The classics never go out of style. It’s true with Chanel, and it’s true with interview questions. So today, we’re working on a couple tricky interview questions that still seem to make a regular appearance in interviews.
Where do you plan to be in five years?
Personally, I always struggled with this interview question. Reason being, I felt like it tried to corner me, forcing me to lay out a plan of what exactly I planned to do over the next five years. I always have a plan, so that wasn’t the issue. Rather, I never know what might come up and didn’t want to misrepresent myself to an interviewer. If it turned out that my plans change in the future, doesn’t that mean that I lied? Those are the thoughts that always went through my mind.
But here’s the good news!
You really don’t have to look at this so literally. All in all, interviewers are trying to figure out a couple things.
First, have you thought about where you’d like to be? Thinking about the future doesn’t mean it’s etched in stone. It’s really more about where you think you might like to go in terms of career goals. Sometimes, you can have a couple possible paths; it’s especially common when you’re just getting started after graduation. It’s really only when you have no thoughts and/or haven’t given this consideration that an interviewer may have concern.
So that’s the first thing. The other insight this gives, oddly enough, is where you might like to be in five years. Crazy, right? But seriously, it gives the interviewer a rough idea as to whether or not this organization could potentially give you what you need in order to meet your longer-term goals.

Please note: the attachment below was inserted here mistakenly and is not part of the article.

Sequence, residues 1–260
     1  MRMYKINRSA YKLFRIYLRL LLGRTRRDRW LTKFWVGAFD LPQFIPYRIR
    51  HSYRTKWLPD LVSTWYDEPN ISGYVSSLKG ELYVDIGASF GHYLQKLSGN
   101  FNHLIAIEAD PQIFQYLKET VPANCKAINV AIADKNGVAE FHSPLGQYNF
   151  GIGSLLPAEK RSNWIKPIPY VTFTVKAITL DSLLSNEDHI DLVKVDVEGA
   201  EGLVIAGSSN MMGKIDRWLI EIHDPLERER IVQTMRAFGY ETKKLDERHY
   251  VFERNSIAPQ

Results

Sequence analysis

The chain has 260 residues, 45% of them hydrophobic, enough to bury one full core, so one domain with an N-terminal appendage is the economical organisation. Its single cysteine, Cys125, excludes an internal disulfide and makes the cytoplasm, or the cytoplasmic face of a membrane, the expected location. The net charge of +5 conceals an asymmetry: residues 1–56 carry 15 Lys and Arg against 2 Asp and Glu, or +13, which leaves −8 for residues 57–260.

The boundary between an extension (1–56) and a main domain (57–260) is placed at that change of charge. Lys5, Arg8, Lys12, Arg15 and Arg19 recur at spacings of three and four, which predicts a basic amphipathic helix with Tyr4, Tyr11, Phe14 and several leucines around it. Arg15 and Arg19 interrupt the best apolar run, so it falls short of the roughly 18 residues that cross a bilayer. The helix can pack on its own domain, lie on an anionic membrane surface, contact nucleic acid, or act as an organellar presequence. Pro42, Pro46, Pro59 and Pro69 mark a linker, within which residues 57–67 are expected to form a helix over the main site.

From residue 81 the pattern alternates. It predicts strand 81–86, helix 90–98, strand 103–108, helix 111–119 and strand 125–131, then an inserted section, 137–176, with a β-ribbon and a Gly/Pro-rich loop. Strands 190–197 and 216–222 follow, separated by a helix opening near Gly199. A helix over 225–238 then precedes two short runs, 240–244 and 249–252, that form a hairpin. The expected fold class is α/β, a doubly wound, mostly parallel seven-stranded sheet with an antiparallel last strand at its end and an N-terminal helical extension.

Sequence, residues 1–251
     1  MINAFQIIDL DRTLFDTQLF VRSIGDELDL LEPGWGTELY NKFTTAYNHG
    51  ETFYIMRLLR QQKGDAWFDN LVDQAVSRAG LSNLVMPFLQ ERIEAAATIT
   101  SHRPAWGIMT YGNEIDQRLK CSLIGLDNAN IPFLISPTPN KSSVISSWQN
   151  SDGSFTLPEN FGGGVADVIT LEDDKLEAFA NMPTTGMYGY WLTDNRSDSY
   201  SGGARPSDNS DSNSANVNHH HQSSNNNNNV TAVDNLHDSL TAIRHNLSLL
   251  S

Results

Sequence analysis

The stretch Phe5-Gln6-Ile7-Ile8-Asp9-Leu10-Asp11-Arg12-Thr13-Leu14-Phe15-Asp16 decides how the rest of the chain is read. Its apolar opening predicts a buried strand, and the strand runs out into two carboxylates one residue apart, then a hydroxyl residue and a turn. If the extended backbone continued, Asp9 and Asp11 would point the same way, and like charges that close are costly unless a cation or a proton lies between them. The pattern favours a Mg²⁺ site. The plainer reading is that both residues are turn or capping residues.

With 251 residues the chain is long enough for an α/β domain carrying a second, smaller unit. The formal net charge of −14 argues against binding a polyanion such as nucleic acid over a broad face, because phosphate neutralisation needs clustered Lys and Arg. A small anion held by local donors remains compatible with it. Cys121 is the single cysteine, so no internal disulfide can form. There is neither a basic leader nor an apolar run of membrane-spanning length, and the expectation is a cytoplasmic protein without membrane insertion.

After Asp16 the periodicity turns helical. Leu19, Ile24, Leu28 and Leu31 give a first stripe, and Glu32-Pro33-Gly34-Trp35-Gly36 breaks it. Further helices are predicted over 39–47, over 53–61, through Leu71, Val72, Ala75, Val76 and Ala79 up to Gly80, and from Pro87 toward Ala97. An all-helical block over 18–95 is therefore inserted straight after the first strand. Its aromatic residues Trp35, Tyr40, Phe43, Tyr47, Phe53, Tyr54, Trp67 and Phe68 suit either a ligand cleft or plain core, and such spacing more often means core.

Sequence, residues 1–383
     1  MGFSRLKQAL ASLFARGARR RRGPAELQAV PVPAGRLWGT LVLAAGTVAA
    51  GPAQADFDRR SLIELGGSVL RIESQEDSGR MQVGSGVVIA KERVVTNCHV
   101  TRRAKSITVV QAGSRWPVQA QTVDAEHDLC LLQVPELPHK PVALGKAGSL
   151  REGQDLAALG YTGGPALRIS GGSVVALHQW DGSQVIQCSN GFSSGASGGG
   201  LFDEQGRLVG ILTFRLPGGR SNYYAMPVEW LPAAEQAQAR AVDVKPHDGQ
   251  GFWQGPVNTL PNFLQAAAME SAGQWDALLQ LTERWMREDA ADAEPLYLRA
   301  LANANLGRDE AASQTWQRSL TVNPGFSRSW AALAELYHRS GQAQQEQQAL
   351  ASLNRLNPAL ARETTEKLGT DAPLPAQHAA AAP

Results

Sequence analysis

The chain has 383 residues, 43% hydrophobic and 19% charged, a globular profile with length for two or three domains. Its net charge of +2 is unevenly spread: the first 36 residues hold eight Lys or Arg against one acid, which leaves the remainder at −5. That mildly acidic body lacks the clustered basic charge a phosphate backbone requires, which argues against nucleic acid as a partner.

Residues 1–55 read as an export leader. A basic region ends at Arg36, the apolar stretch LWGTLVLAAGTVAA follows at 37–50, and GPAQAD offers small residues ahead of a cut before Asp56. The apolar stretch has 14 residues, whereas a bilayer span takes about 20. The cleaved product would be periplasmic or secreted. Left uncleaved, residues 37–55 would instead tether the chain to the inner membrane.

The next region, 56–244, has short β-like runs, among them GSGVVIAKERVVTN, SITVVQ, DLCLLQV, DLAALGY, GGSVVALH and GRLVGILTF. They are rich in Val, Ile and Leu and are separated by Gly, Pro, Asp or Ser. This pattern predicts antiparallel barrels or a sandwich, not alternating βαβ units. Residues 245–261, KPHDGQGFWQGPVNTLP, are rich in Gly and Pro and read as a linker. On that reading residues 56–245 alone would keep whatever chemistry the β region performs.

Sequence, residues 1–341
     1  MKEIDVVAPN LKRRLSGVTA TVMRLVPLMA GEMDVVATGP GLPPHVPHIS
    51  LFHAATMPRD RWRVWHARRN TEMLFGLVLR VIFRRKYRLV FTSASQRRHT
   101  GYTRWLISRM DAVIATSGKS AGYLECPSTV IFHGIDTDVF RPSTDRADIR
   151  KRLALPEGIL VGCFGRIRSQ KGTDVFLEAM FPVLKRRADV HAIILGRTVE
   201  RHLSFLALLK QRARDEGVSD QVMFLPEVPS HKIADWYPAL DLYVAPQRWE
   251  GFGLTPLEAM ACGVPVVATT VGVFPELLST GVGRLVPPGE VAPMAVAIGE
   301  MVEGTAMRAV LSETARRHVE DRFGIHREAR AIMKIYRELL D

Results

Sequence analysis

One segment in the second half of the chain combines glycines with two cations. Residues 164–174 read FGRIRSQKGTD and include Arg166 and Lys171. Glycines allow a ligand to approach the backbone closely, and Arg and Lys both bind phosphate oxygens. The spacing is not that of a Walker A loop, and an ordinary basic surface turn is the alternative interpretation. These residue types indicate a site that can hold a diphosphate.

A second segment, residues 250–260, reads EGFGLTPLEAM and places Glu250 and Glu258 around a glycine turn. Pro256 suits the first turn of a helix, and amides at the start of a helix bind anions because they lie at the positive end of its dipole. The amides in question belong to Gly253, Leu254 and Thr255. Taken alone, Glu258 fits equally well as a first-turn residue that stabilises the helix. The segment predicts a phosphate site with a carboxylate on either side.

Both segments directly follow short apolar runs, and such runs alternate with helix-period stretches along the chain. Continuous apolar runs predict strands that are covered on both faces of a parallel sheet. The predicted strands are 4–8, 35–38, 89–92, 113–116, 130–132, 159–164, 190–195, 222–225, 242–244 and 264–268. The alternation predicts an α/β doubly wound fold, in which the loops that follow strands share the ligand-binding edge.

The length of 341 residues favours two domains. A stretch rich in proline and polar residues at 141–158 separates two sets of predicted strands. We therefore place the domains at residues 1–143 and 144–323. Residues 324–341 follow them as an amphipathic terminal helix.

Why should I hire you?
If you’re not ready for this one, it can really catch you off guard. The answer to this interview question need not be long at all but does need to give something concrete and persuasive. For anyone familiar with how to address “tell me about yourself,” this question has a similar approach. If you’re not familiar, read this article.
In “Tell me about yourself,” you’re giving an overall professional elevator speech about yourself. This question is also an elevator speech, but it’s more specific to the job itself. Before interviewing, you hopefully did some homework—researched the company, thoroughly read the job advertisement, etc.
This is where you draw your answer from. Think about the key skills and experience needed, based on the job advertisement. What do you have that speaks to these needs? Look for and think about the soft skills this job requires. Highlight what you bring to the table. For more on soft skills, see this article. And last, maybe your research on the company turned up some information on company culture that really spoke to you.
These are all the things to include in your sales pitch of about 30-60 seconds. And that’s it! This question is actually quite simple. And with a little preparation, you’ll knock it out of the park.
Written by: Adam Lafield, Recruiter & Marketing Specialist